More than 200 nuclear test weapons would go off until 1963, when the Partial Test Ban Treaty required further testing to take place underground. In each instance, scientists trained multiple cameras on the explosion.
For decades afterward, thousands of these films languished in secure vaults — until Greg Spriggs, 65, a weapons physicist at Lawrence Livermore National Laboratory, decided to dust them off.
Some of the films had already degraded beyond the point of restoration. “You can smell vinegar when you open the cans, which is one of the byproducts of the decomposition process of these films,” Spriggs said in a news release. “We know that these films are on the brink of decomposing to the point where they’ll become useless.”
He recruited expert archivists, including Zapruder film preservationist Jim Moye, to help digitize the footage.
“The data that we’re collecting now must be preserved in a digital form because no matter how well you treat the films, no matter how well you preserve or store them, they will decompose,” Spriggs said. “They’re made out of organic material, and organic material decomposes. So this is it. We got to this project just in time to save the data.”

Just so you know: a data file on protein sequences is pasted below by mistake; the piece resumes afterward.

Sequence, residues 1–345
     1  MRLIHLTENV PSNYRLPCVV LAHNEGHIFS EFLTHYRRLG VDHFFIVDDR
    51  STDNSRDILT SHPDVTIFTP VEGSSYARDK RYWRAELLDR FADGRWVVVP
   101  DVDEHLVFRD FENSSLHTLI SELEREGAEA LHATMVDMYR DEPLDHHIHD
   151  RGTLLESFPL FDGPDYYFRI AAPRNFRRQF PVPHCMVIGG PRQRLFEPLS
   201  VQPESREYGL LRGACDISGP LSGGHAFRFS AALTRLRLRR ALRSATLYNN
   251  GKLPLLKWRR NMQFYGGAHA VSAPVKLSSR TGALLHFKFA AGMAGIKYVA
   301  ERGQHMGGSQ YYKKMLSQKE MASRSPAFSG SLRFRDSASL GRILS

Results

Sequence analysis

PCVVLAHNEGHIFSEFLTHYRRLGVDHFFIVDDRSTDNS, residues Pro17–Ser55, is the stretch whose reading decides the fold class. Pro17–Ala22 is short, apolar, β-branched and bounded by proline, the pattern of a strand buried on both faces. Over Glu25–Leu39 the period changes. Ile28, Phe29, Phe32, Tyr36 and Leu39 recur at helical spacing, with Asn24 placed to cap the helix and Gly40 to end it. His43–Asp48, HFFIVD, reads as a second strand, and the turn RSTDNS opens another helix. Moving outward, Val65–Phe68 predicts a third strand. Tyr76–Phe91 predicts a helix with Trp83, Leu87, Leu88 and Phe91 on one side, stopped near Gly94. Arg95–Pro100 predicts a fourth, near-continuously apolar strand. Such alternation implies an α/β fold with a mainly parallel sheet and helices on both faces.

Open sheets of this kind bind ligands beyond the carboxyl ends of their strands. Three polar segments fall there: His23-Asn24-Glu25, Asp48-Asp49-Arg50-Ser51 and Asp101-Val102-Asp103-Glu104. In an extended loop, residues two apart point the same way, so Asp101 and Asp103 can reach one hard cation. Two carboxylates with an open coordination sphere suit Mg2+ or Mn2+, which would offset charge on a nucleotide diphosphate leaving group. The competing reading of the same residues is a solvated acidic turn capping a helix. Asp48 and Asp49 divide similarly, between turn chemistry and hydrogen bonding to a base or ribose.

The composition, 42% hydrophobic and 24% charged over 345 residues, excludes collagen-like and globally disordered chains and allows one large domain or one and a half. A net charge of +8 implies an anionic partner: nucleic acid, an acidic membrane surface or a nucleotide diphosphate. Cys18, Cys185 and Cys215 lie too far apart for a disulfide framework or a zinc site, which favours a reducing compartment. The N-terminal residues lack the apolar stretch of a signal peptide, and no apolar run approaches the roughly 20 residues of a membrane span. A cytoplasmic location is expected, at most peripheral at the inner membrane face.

Scientists are still able to wring new information from old detonations. Modern analytical techniques applied to digitized footage revealed inaccuracies in past estimates of fireball and shock wave size, which in many instances had been derived by hand.
“We were finding that some of these answers were off by 20, maybe 30, percent,” Spriggs said. “We’ve also discovered new things about these detonations that have never been seen before.” As the U.S. no longer conducts nuclear tests, old data remain useful to weapon physicists who run computer simulations of attacks on the homeland or other nations. “We need to be able to validate our codes and trust that the answers that are being calculated are correct,” he said.
Spriggs and the team of restorers have found about 6,500 out of 10,000 reels from the era of aboveground nuclear tests, according to the news release. The researchers have scanned two-thirds of these films, and the Department of Energy has declassified just 750.
Why the government has only allowed the public to see the footage now was not an issue of secrecy — information about the operations had already been made public — but a matter of red tape.
“It’s this big bureaucracy that just goes back and forth,” Spriggs told Wired. Spriggs’ process to declassify the footage took about 10 minutes per film to complete, Wired reported, as it required the physicist and another declassifier to review the reel and fill out a Department of Energy form. A third party at the Department of Energy then had to approve the request.
Spriggs said that he was motivated to declassify the footage as a way to visually remind the public of nuclear danger.
“I think that if we capture the history of this and show what the force of these weapons are and how much devastation they can wreak, then maybe people will be reluctant to use them,” Spriggs said. “We hope that we would never have to use a nuclear weapon ever again.”
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